The shortlist for the Clarke Award once again offers a snapshot of the best in literary SF
the shortlist for the 30th Arthur C Clarke Award has been announced. As ever, it’s an eclectic list that covers the full gamut of speculative fiction, from a story of intergalactic travel that was initially self-published, through to a literary work about the power of stories that was also released as an app. “When it’s your award’s 30th anniversary you secretly hope for something that little bit extra special in your shortlist, and I think the judges have delivered on that promise and more this year,” says Clarke Award director Tom Hunter. Perhaps the best backstory to any of the novels belongs to Becky Chambers’ The Long Way To A Small Angry Planet. Finding her freelance work drying up, Chambers turned to Kickstarter for funds and put the book out herself, soon bagging a Kitschie nomination for best debut. Hodder & Stoughton picked up the novel in the UK. As for the novel that experiments with form, this is Iain Pears’ Arcadia (Faber & Faber), a world-hopping fantasy. The list is rounded out by Dave Hutchinson’s Europe At Midnight (Solaris), the second volume in his sequence about a balkanised Europe; the magical futurism of Nnedi Okorafor’s The Book Of Phoenix (Hodder); JP Smythe’s tale of life aboard an inter-generational starship, Way Down Dark (Hodder); and Adrian Tchaikovsky’s tale of tension and terraforming, Children Of Time (Tor). “This is a quintessentially Clarke Award kind of a shortlist,” says Hunter. “Look once and I’m sure everyone will see a choice they agree with. Look twice, and you’ll likely see a new book you want to read next. Look a third time though, and I hope you’ll see how well all of these six books sit together, and represent a particular special moment in time for the best of UK science fiction.”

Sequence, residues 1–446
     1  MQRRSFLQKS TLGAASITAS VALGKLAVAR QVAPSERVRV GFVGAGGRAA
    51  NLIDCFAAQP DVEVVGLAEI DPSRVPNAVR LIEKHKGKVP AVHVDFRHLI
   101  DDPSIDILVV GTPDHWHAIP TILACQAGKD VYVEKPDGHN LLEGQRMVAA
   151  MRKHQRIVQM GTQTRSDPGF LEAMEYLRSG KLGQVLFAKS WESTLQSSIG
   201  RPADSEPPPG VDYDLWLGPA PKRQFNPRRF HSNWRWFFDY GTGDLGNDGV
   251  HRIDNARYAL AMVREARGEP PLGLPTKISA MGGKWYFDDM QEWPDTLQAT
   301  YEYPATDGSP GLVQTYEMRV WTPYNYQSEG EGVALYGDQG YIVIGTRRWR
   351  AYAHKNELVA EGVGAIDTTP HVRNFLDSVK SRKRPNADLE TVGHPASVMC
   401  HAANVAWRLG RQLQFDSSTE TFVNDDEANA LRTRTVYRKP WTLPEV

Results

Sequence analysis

The ceremony takes place on 24 August.